We're supposed to factor the needs and comfort of others into our decisions. That requires an awareness that there are other people in the world beside oneself. Things like littering, loud public behavior, breaking commitments, cutting in line, talking during movies, dominating conversations, leaving empty toilet paper rolls, succeeding at the expense of others . . . these reveal a mindset that puts self above all. It's an approach to living that is unseemly and ugly. (It's also impractical, because inevitably, people need each other. But that aside, it simply isn't nice or right.) Consideration should be the norm.
We're not—and it's hard to believe this needs to be said—supposed to be unkind. We're not supposed to hurt each other's feelings. We're not supposed to go out of our way to insult, intimidate, harass, bully, or ridicule. The Internet has revealed a shockingly dark element of our natures. It seems there are many who, given the opportunity and the cover of anonymity, will be unkind simply for sport. They'll hurt people's feelings for no other reason than that they can. And this, strangely, they find appealing. The Curmudgeon is baffled. The entertainment value of unprovoked cruelty is lost on me; I'm not quite sure why anyone would find that appealing. Then again, I come from a generation that remembers the way things are supposed to be. And back when people of my age were growing up, unkind behavior was punished and shamed. Kids were taught The Golden Rule: "Do unto others as you would have others do unto you." It's strange to find the world upside down to the point where it has to be explained that unkindness isn't a quality one ought to embrace.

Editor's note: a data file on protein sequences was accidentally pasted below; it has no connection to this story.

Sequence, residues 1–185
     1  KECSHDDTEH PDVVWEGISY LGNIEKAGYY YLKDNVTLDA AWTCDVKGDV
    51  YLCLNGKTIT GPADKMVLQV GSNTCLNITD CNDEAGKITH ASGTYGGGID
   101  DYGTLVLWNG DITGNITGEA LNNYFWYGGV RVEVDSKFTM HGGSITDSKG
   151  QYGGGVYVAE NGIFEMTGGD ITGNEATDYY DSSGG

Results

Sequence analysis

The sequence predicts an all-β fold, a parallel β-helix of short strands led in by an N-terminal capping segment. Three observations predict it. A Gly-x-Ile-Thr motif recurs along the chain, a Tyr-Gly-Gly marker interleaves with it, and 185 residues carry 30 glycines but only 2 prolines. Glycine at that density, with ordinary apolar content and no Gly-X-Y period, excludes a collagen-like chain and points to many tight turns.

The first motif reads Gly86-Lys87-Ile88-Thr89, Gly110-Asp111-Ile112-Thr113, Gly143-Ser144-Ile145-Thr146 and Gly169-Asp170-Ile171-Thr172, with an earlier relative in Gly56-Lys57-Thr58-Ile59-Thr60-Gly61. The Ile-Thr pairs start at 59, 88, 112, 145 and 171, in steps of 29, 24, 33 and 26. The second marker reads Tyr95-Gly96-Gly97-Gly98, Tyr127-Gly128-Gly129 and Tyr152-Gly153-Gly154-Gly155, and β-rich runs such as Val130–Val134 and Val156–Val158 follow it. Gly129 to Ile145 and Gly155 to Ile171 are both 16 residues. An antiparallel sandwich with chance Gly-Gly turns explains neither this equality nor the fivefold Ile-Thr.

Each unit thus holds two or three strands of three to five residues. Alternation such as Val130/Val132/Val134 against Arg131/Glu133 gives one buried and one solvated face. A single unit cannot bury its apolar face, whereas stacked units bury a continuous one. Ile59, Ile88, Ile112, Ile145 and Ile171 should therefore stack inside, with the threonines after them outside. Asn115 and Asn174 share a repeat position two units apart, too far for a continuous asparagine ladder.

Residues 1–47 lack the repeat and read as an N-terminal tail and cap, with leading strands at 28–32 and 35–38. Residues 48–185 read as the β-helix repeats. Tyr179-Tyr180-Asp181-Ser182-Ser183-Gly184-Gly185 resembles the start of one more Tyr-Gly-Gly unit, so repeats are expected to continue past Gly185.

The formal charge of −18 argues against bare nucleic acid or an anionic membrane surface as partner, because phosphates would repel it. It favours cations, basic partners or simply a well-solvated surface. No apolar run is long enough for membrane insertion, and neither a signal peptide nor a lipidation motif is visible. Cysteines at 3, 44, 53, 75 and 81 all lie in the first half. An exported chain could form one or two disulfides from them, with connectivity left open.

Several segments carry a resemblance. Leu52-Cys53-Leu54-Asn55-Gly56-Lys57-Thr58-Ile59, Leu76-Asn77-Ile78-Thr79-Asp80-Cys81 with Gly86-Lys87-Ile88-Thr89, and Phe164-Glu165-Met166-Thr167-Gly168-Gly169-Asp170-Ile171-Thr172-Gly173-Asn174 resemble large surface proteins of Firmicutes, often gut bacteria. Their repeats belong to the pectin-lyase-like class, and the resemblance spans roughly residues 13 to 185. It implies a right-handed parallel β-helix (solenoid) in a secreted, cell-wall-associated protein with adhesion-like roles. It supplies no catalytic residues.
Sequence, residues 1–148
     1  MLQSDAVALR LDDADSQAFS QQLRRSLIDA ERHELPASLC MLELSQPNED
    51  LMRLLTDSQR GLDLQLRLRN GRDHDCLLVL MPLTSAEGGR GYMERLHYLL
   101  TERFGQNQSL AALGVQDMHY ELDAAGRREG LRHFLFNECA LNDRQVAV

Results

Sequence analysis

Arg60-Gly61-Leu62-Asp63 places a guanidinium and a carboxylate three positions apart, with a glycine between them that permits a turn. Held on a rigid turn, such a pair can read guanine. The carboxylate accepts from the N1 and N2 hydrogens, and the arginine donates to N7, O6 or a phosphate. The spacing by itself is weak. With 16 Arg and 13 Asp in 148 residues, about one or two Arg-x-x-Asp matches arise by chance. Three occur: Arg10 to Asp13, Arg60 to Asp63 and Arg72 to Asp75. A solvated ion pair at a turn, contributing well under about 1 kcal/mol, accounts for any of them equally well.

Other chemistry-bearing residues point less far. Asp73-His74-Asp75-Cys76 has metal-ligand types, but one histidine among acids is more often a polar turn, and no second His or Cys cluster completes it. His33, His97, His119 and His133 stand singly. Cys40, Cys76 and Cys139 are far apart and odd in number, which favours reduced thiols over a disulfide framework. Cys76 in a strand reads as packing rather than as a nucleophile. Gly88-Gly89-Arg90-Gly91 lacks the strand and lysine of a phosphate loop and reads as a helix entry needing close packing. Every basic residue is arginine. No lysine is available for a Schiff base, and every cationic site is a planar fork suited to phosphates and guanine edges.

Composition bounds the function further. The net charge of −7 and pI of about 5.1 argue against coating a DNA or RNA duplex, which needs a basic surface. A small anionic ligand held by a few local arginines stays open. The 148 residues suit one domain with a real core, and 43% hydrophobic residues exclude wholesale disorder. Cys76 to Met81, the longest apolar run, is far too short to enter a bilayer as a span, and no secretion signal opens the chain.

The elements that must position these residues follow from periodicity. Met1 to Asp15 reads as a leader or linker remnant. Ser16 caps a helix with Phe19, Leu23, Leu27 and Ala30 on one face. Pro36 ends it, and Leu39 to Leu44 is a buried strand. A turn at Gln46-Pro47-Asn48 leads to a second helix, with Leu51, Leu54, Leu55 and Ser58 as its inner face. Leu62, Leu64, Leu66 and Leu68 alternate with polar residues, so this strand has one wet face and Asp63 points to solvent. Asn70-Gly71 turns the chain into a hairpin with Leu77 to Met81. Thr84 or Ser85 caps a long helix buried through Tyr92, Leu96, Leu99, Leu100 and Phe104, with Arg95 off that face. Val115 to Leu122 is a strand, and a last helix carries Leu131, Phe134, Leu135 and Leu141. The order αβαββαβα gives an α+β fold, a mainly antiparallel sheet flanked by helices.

Also, we're supposed to practice personal responsibility. That means we show up where we're supposed to be, on time, without requiring a reminder. That means when we're at work, we do our very best to represent our employers favorably. It means paying our bills, voting, honoring our word, accepting the consequences of our mistakes, and practicing good citizenship. Personal responsibility—that’s the way things are supposed to be.
None of these practices are fancy, nor do they require an upscale education or breeding. They're not even overly gracious or well-mannered. These ideas represent the very minimum of what it means to have basic common decency. They can't be legislated. They can't be enforced—nor should they be. They can't even be demanded. It falls to each individual member of this human race to recognize the merits of fundamental humanness and to hold it as a personal standard. Rather than dropping the bar to suit the times, we ought to hold that bar up with all our mights, with stubborn resolve and an absolute refusal to slip back into the uncivilized goo from which we came.
And this, I think, is why I write this blog—all kidding aside—to fight against a sort of creeping, cancerous, undetected redefinition of things. If we give up on the idea that there is such a thing as right and wrong, correct and incorrect in regard to language, behavior, or what have you, then what's to stop us from abandoning the idea that there is such a thing as true and false, moral and immoral, good and bad?
And of course, it's unlikely that anyone reading this piece would need such reminders. And that, I suppose, is the great dilemma: how do we reach the people who've forgotten their most fundamental responsibilities to one another? I suppose we'll have to lead by example and hope the devolving heathen see the light. But if they don't, if decency is dead, then I honestly believe we are in the midst of a gradual doom, caused by a willful, self-induced global amnesia.
I'll try to come up with something less grim for next week . . . no promises.